In the good old days, there was only one brand that was almost synonymous with a branded mobile phone – Nokia. A flood of new brands and new handsets later, Nokia has been pushed out of the limelight, especially in the smartphone market. Recently, they launched the Nokia N8, a smartphone with an all-new and improved Symbian3 OS. With a high price tag putting it on par with the big boys out there, we wanted to find out whether the N8 matches up to the smartphone benchmark.
At first glance, the N8 really impresses. It has a sturdy body, encased in an anodised aluminium casing. It feels hefty in your hand, although it is just about short of being called bulky. The 3.5-inch screen is a 16:9 HD AMOLED, which is a decent size for viewing videos and photos. It also ships with 16GB of internal storage, expandable by another 32GB through microSD. One of the USPs of this phone is the inclusion of a whopping 12-meg camera with Carl Zeiss optics and a Xenon flash. The camera protrudes out of the back panel, however this does not interfere with the overall look of the phone.
The front of the phone is bare except for a single button on the bottom left, which brings up the menu screen when pressed. The right panel has a volume rocker switch as well as a dedicated camera button. It also features a lock button that you slide sideways to lock or unlock the phone. On the left is a slot for a microSD card slot, a SIM card slot and a mini-USB port. The back panel is fixed, so you don't have to bother taking out the battery to put in your SIM. However, this also means that the battery is difficult to replace.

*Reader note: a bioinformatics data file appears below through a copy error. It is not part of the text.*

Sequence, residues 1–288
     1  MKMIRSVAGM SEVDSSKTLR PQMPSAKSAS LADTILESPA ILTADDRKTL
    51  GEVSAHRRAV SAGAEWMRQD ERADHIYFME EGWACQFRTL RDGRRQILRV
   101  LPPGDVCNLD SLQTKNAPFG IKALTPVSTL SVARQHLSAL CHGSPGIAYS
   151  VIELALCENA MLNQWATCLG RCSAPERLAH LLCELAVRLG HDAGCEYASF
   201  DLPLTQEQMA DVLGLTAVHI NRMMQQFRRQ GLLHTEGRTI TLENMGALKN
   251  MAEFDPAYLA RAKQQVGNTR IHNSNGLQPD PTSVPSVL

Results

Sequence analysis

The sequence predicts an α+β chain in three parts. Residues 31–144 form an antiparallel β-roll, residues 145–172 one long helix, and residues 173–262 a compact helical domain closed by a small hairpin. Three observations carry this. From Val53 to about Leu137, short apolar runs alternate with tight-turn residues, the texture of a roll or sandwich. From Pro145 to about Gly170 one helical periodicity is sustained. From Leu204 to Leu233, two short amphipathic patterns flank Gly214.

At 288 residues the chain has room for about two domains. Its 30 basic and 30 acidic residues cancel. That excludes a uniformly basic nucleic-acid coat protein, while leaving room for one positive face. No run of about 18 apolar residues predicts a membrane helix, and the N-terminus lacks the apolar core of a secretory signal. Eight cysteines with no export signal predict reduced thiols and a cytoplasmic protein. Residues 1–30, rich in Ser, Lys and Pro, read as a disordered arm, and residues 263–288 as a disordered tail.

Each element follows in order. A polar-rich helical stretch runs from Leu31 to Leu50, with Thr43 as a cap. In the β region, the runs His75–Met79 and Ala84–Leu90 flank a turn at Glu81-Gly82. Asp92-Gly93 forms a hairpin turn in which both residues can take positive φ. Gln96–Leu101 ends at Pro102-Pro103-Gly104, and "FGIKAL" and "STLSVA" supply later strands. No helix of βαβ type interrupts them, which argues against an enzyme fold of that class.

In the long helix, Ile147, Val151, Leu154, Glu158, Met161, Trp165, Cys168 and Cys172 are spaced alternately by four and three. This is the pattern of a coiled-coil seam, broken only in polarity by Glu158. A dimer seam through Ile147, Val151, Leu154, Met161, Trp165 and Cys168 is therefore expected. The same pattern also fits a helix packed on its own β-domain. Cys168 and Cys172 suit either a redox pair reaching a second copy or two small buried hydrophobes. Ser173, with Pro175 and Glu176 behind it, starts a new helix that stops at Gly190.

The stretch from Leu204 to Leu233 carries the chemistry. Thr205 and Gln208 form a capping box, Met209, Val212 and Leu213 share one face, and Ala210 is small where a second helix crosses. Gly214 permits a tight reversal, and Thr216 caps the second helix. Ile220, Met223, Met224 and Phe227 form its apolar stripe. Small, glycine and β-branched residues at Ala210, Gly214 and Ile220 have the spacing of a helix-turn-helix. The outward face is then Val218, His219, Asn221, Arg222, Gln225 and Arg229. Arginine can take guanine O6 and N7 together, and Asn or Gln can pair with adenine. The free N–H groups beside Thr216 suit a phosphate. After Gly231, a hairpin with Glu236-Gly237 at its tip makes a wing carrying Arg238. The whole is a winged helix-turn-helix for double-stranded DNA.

The top of the phone has a power button, a 3.5mm headphone jack and best of all, an HDMI slot. The bottom only has the standard Nokia thin-pin charging point.
The phone can be charged either through the thin pin slot or via mini-USB.
The new Symbian3 interface definitely appears to be an improvement over the last few versions. It includes features like HD video playback, three customisable home screens, multi-tasking and one touch switching between open apps.
You can add widgets of your choice to the home screens, by long-pressing the screen until the edit option pops up. Switch home screens either by swiping to the left, or pressing the touch button at the bottom of the screen. Other touch buttons on the screen are Options and a Call button.
The touch screen is capacitive, and you can program it to vibrate when touched. The screen was responsive and worked smoothly most of the time. The screen supports multi-touch, including pinch to zoom and swiping.